I will begin by stating that, for an adequate respect of the principle of legality, literalness and subjection of the authority to the law as inherent guarantees to any subject criminally prosecuted, fundamental and essential grammatical rules must necessarily be known and correctly applied. Failure to do so violates the guarantees, principles and rights of constitutional order that assist and protect the person being criminally prosecuted.
The first thing to highlight is that said authorities do not apply or analyze the fundamental grammatical function that commas (,) have within a legal text of a criminal nature.
In fact, these authorities ignore that the “comma” (,) is a fundamental grammatical punctuation mark that normally indicates the existence of a brief pause within a statement. The comma (,) separates the elements of an enumeration, provided they are not complex, since, in the latter case (complexities) the “semicolon” (;) is used instead of the comma (,).
Likewise, said authorities ignore the following fundamental grammatical rule consisting in that:
“when the enumeration is complete or exhaustive the last element is introduced by a copulative conjunction, such as happens to be the letter “Y” which is introduced in the criminal type under study as follows:
“Whoever exploits mineral resources, …, …, … And natural resources contained in the territorial sea, submarine platform, rivers or national lakes, without counting without a license”.
It is very important to consider that the criminal offense under study does not incorporate the “or” as a disjunctive conjunction. If it did, which it does not, such authorities would have some degree of reasonableness in their interpretation.
In other words, in the absence of the “o” and trying to introduce it in its interpretation analysis, it is concluded that the administrator of justice and the person in charge of the criminal prosecution are legislating against the criminal type, which is forbidden to them.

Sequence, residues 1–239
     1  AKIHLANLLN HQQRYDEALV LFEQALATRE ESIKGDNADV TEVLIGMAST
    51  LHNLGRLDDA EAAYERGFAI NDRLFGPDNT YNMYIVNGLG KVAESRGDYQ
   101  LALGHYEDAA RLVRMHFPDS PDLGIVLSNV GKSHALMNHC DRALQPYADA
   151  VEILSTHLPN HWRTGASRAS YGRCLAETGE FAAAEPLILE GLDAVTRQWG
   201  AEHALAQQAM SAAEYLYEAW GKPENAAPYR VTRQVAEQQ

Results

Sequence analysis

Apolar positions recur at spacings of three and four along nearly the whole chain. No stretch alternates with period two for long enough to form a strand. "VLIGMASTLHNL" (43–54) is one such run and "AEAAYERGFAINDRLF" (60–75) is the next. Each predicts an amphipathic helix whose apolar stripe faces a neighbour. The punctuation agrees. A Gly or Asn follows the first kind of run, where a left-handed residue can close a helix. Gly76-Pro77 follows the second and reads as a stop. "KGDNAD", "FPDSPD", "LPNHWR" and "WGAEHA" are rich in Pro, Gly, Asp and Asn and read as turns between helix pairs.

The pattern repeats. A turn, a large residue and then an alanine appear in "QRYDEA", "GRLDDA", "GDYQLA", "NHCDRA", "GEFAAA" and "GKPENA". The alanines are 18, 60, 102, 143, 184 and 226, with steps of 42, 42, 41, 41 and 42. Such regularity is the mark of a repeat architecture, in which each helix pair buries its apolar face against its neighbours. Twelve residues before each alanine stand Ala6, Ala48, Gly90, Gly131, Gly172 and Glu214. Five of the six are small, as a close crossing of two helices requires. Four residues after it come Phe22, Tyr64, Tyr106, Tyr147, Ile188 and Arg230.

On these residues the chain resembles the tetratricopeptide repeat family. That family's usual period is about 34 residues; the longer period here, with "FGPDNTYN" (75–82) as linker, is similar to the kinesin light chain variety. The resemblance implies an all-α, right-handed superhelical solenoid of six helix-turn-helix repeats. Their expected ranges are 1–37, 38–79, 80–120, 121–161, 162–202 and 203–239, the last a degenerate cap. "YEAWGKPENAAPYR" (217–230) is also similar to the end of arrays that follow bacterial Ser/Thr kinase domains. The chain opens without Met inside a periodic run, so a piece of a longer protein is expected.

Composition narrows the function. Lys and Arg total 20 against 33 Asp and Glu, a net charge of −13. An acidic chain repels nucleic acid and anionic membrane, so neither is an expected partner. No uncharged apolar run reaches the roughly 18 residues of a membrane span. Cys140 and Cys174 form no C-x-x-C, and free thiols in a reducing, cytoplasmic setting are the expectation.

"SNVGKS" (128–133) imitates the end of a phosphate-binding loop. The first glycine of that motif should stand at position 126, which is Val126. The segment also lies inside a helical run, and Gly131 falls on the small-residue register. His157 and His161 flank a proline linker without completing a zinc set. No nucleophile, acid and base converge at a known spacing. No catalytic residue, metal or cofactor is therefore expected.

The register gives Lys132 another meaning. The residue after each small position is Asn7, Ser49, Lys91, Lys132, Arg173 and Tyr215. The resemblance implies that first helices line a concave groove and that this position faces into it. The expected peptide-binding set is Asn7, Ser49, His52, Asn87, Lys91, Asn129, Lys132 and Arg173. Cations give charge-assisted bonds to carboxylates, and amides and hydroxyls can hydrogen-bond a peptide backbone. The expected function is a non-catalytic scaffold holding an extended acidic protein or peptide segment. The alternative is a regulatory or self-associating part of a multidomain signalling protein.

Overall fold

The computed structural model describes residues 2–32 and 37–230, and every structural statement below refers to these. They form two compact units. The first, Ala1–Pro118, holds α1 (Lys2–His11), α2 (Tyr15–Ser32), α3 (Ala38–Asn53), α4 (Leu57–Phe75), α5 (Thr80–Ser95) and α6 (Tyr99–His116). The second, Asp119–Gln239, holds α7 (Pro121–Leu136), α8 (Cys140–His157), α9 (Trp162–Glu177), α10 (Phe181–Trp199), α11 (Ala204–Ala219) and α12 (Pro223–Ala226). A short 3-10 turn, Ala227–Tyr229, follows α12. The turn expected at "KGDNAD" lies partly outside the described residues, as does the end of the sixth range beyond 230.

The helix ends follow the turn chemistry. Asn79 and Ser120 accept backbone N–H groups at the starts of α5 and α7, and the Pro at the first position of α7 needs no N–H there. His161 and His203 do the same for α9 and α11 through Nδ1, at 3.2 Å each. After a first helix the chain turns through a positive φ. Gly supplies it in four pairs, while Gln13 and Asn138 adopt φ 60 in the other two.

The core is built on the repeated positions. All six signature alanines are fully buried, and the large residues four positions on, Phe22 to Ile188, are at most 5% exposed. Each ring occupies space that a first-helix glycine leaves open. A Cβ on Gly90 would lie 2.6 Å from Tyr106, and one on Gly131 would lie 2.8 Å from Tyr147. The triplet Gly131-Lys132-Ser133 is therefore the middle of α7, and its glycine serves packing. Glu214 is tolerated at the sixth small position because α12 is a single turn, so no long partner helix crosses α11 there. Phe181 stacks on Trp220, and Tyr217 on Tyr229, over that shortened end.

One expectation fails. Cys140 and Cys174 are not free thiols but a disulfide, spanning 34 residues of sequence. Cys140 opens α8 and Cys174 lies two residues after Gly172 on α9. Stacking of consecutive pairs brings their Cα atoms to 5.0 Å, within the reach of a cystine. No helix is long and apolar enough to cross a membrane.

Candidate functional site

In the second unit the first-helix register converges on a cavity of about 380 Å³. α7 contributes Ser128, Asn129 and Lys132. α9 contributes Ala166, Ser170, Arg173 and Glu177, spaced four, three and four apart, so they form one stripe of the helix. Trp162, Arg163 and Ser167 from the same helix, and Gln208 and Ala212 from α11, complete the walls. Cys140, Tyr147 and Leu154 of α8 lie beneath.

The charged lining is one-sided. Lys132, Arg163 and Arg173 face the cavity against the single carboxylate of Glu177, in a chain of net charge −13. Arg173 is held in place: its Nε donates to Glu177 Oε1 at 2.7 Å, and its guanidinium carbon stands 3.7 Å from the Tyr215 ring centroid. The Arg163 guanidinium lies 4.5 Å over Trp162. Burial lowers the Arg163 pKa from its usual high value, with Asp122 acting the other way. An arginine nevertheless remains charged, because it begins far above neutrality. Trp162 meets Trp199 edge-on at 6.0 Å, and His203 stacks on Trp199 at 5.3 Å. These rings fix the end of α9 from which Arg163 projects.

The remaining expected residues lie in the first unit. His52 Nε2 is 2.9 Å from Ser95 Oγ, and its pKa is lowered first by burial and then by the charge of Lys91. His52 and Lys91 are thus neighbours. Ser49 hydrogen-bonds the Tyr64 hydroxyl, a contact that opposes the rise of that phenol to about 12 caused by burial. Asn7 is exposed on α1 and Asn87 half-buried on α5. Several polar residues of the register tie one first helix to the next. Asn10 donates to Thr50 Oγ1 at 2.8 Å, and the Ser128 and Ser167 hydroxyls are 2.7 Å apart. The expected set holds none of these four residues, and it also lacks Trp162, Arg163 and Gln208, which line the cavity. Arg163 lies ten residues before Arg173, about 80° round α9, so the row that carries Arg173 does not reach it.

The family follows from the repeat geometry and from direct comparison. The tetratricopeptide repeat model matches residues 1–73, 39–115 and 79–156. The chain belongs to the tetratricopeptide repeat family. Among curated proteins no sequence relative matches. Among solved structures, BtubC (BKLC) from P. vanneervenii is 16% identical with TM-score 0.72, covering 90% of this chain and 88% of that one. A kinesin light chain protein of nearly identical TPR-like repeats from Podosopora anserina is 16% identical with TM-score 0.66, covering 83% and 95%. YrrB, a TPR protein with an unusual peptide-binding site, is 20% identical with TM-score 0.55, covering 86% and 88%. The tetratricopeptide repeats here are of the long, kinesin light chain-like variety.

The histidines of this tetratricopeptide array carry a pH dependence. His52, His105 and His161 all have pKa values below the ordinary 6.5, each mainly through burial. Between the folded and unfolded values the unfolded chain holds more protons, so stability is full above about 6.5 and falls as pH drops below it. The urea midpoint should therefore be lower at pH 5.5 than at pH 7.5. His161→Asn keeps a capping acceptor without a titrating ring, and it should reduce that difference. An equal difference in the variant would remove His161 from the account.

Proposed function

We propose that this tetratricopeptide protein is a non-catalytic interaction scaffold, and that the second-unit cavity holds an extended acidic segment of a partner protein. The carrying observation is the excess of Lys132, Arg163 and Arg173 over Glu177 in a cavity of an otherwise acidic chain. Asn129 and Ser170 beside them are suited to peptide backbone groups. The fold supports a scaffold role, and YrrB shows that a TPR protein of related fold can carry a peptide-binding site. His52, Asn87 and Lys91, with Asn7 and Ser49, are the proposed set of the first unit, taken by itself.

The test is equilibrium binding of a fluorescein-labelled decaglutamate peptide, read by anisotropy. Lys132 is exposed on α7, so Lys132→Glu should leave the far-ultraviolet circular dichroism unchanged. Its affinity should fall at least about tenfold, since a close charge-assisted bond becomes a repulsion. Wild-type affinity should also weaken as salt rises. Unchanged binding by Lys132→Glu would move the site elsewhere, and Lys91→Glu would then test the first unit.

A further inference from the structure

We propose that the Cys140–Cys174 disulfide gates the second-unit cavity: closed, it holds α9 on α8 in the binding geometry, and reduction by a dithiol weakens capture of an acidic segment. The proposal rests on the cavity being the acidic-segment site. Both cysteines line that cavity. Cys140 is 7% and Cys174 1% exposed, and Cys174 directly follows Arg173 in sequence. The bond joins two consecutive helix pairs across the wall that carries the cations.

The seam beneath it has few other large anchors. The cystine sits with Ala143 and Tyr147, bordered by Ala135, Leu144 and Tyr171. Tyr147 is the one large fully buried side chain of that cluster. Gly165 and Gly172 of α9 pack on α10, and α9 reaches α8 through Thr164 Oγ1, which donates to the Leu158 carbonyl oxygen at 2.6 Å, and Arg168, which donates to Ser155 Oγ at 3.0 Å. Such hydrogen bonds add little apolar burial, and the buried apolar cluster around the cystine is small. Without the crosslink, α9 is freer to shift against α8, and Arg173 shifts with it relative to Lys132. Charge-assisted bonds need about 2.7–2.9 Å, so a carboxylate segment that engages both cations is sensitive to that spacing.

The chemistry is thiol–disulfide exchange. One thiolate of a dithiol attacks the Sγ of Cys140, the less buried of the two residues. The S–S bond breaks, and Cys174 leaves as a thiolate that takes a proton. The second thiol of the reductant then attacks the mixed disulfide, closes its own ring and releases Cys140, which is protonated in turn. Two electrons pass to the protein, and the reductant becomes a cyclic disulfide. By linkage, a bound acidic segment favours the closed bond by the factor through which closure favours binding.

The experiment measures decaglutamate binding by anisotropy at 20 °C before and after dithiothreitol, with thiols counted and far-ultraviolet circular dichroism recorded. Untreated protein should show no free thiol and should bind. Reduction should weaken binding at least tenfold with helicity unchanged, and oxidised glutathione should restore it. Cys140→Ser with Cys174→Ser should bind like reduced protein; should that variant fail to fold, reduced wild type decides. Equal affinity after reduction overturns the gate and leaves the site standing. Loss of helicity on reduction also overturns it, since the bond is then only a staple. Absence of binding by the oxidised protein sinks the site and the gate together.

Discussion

In the present case, the criminal offense under study “should not present” any doubt in its grammatical interpretation if basic orthographic rules are applied in its study, understanding the function of the comma (,), of the “semicolon” (;), of the letter “And” as a copulative conjunction that “joins words without separating them” and of the letter “or” as a disjunctive conjunction that instead of integrating, disintegrates words or expressions.
It is insisted that the function of the letter “And” grammatically integrates, in a single unit, a group of words, not separates them as erroneously made by said environmental authorities in the application of the criminal type contemplated in article 346 of the Penal Code, thus denaturalizing the criminal type without prejudice of creating criminal figures not foreseen in that norm.
It is therefore concluded that, from a strictly grammatical point of view and respecting the principle of literalness and legality, the criminal offense under study must be understood as follows:
That it is prohibited and criminally sanctioned “to exploit, without having a license, “mineral resources, construction materials, rocks AND natural resources that are contained in the territorial sea, submarine platform, rivers and national lakes.”
In view of the denaturalization of the “In Dubio Pro Natura” as a supposed hermeneutic method of interpretation of criminal norms, our comments are as follows: